Karvika Thapa was living the American dream in Boston with a promising career in the Information Technology sector. But after 14 years she decided to head back home to Nepal with her husband and two young daughters.
During the three years since, she has worked hard to establish a successful international software company, Kimbu Tech, one of the very few women-led IT startups in Nepal.
“At first, it was nerve-wracking, but I was excited to give back what I owed to my country where I grew up,” says the 40-year-old Karvika. “I also wanted my daughters to learn Nepali culture.”
Starting a company was not at the top of her mind when she returned to Kathmandu, but when she found that there were so few women in Nepal’s IT sector, Karvika decided to take the risk and work to create quality jobs, especially for women in a male-dominated industry.
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Karvika had been one of the handful of female students in the first year of Kathmandu College of Management’s bachelor’s program in information systems. She then went to the US for her MBA and stayed on to work, over the course of her years there, in IT solutions, data management, database marketing and campaigns in education, healthcare, and retail.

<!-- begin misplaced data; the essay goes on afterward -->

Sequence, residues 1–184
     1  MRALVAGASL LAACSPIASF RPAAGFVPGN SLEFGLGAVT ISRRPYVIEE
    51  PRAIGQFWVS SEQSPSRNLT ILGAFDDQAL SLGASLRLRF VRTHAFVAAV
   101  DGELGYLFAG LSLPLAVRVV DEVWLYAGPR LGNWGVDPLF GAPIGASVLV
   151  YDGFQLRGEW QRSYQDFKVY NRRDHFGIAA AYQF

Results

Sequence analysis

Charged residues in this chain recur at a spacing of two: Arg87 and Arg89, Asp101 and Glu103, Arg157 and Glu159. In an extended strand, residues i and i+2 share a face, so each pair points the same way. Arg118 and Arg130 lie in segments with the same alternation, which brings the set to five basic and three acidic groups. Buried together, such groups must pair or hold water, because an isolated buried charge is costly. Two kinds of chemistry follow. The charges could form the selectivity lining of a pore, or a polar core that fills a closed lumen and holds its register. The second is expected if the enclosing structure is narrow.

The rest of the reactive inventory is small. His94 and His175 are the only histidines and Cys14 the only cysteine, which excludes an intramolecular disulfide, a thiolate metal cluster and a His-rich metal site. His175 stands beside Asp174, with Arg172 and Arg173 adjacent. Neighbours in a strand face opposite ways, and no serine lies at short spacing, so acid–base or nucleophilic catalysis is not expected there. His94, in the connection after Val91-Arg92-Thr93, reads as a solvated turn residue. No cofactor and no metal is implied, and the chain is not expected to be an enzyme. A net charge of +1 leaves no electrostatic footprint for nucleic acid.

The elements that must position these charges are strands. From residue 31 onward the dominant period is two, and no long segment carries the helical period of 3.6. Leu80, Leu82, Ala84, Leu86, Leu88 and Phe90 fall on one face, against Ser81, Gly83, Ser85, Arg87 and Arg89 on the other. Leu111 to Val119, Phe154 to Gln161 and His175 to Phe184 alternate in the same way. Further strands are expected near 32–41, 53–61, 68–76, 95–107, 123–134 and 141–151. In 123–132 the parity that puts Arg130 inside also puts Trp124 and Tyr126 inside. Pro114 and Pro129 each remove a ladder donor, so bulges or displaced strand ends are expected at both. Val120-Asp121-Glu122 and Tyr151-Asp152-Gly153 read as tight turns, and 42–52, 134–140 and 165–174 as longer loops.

Today, she leads a quality team of Nepali women and men who provide software development and maintenance for companies in Israel and the US. Karvika hopes that their work will help create a home for qualified and talented programmers in Nepal and that that in turn will build recognition globally for Nepali programmers.
There are a few other companies working in IT and Artificial Intelligence in Nepal, and the sector has great potential as an employment generator. But Nepal’s talent pool of skilled programmers is still a well-kept secret in the IT world.